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Re: [Gnu-arch-users] Re: Re: Re: Future of GNU Arch, bazaar and bazaar-n

From: jblack
Subject: Re: [Gnu-arch-users] Re: Re: Re: Future of GNU Arch, bazaar and bazaar-ng ... ?
Date: Tue, 23 Aug 2005 12:19:01 -0400
User-agent: Mutt/1.5.9i

On Tue, Aug 23, 2005 at 12:18:51AM +0200, martin f krafft wrote:
> > Not to pick nits, but hooks aren't arbitrary code. They're code that
> > traditionally the user himself has written. 
> also sprach address@hidden <address@hidden> [2005.08.22.2221 +0200]:
> > Martin, tell me it's not so?
> The point is this: I maintain a larger number of archives for ~ and
> /etc and effectively it's just myself committing. But I use in the
> order of 5 machines regularly, depending on where I am. It's
> a massive pain to synchronise the hooks back and from right now.
> Sure, I set up another repository for that, but it's the same beef
> I have with build-configs. Why should a repository with configs or
> hooks have to be changed for every change to any project? Why not
> let the project itself manage it?

Because people are very likely to pull things that they don't directly
own. With automatic hooks, its no longer safe to even look at a branch.

I can imagine a perfect storm if:

  1. there were a central location in which anybody could upload branches
  2. there was an automated registry service of some sort
  3. bazaar 2 (bzr) automatically downloaded downloaded branches
  4. hooks in downloaded branches were automatically executed.

Surely it would be better to make a wrapper that did the pull and ran the
code on your behalf? 

> What's the problem with in-archive hooks? I could just as well hide
> a trojan in the source and expect you to execute it during the next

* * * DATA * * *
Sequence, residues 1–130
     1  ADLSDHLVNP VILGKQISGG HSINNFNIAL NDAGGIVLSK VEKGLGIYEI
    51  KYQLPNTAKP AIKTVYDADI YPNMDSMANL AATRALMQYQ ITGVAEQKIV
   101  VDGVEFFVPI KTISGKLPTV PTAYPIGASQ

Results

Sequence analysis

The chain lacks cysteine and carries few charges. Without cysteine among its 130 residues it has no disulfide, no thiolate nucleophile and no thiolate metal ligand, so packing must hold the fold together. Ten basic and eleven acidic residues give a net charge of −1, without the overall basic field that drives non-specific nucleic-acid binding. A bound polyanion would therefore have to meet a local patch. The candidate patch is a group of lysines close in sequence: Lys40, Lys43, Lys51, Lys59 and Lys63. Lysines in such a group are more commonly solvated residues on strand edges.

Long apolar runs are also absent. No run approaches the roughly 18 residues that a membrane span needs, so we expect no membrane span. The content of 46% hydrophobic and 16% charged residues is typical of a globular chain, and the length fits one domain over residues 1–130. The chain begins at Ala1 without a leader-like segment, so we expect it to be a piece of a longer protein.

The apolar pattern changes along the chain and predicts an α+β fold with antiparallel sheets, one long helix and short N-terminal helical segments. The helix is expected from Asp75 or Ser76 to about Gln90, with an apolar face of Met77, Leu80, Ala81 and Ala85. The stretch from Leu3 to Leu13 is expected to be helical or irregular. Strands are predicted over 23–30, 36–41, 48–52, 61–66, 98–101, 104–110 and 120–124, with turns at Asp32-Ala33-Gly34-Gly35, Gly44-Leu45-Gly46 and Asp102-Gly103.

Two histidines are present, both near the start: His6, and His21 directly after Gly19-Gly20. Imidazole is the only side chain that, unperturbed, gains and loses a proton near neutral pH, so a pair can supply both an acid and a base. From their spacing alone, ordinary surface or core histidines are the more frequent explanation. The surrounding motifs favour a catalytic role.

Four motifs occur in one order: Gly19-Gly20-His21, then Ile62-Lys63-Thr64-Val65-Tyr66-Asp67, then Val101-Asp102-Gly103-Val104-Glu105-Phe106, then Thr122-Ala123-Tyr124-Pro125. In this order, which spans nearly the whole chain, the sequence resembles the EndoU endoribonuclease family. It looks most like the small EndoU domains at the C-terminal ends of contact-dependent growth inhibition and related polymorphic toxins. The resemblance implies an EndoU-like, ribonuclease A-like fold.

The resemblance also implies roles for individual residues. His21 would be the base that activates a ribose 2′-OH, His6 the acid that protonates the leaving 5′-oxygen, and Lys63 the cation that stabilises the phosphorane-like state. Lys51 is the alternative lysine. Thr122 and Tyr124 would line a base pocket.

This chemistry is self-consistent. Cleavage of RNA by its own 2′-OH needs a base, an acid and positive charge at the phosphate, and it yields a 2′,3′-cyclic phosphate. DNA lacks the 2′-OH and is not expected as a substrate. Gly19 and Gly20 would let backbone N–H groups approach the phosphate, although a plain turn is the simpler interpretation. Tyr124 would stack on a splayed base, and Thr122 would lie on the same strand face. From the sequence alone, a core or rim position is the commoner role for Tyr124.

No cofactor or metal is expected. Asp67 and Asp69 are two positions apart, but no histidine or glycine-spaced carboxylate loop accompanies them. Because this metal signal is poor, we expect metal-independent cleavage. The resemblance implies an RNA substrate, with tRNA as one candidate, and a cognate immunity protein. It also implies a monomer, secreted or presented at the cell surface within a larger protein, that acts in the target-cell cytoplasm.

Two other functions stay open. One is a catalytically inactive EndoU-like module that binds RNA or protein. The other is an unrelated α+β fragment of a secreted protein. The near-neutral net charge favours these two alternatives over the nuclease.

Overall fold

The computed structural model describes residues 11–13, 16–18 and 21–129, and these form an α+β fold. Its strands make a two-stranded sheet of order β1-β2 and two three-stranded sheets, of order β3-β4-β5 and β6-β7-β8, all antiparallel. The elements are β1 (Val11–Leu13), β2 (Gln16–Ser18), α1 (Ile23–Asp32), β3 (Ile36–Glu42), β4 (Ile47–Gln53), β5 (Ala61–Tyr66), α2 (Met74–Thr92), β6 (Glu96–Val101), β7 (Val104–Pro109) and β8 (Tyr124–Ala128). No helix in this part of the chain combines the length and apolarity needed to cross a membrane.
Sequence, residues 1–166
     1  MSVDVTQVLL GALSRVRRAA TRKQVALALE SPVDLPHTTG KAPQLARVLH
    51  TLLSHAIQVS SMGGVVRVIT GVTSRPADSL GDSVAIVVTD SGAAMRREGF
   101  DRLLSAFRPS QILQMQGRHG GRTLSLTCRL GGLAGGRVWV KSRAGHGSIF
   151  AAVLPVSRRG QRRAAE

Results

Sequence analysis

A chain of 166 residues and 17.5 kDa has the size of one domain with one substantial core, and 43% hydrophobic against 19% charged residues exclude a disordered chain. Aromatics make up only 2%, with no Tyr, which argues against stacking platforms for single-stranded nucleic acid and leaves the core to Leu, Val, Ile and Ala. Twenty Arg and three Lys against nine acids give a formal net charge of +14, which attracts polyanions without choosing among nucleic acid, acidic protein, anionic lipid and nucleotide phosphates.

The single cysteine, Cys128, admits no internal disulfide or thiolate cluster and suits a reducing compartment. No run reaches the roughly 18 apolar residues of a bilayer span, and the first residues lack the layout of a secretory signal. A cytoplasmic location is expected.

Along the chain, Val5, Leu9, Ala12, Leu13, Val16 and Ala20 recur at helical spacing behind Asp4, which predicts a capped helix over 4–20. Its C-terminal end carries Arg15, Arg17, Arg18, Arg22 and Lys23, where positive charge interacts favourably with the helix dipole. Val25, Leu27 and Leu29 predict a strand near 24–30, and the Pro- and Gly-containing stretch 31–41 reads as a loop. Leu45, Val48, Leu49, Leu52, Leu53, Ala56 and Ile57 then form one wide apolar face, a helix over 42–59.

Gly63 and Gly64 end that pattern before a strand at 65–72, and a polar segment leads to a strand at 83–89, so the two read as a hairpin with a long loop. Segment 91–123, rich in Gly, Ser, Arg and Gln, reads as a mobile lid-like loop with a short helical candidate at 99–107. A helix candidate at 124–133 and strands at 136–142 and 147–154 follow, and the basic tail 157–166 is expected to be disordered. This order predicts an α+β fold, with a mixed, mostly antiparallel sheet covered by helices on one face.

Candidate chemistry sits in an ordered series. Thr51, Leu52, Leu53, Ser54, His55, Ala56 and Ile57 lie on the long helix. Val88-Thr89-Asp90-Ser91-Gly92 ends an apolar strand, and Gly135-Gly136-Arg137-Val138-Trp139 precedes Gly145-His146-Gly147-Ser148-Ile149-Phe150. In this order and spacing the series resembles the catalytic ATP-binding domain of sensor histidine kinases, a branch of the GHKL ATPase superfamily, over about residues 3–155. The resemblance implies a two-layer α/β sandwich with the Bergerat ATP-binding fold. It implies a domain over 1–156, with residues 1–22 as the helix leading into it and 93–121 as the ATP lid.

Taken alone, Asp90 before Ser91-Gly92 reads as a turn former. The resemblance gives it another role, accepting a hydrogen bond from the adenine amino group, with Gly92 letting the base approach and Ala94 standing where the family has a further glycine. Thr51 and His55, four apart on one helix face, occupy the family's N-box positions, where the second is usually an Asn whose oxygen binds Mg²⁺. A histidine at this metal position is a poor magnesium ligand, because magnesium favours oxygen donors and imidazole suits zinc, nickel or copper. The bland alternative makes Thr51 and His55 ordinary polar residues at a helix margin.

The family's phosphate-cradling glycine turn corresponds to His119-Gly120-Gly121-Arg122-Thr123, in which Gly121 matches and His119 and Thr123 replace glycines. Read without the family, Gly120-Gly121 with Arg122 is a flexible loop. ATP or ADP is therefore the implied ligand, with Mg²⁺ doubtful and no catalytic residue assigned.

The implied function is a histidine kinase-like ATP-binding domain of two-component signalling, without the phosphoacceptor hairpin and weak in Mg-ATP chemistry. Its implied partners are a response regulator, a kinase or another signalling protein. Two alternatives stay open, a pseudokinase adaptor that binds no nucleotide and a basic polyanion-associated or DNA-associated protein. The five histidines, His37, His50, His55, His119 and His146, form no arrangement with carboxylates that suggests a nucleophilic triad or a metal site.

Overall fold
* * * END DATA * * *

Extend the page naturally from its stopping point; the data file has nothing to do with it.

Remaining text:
> test run. If you think that won't go undetected, well, good. But by
> the same argument, a hook would be equally versioned and malicious
> code would be identified by conscious users inspecting diffs before
> merging foreign code.

The difference between hiding a trojan in the source and hiding the trojan
in a hook is monumental. A well designed hook system would allow one to
hook in to a variety of things -- not just commit. Here's some 
potentially useful non-commit hooks to give the idea:

pull - a hook change permissions for a tree after the pull
diff - a hook to ensure that ppp0 is up

With hooks in the archive, then one has to ensure that hooks are only
allowed in places where people have had a reasonable time to study the
hooks in place. That would mean no pull hook, no diff hook, etc.

> Have hooks that run only when I give them permission to. Have baz
> inform me of hooks that are unauthorised. Where's the problem?

You can do that (and everything else you want above) already, by editing
the main hook to call hooks stored in the archive.  :) 

> -- 
> martin;              (greetings from the heart of the sun.)
>   \____ echo mailto: !#^."<*>"|tr "<*> mailto:"; address@hidden
> invalid/expired pgp (sub)keys? use as keyserver!
> spamtraps: address@hidden
> an egg has the shortest sex-life of all: if gets laid once; it gets
> eaten once. it also has to come in a box with 11 others, and the
> only person who will sit on its face is its mother.

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 James Blackwell      |   Life is made of the stuff that hasn't killed
 Tell someone a joke! |   you yet.                       - yours truly
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